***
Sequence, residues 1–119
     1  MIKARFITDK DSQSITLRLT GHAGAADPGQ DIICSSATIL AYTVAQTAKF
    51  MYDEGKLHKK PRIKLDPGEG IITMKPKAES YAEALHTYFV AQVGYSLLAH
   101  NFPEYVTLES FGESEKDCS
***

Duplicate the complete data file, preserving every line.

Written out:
Sequence, residues 1–119
     1  MIKARFITDK DSQSITLRLT GHAGAADPGQ DIICSSATIL AYTVAQTAKF
    51  MYDEGKLHKK PRIKLDPGEG IITMKPKAES YAEALHTYFV AQVGYSLLAH
   101  NFPEYVTLES FGESEKDCS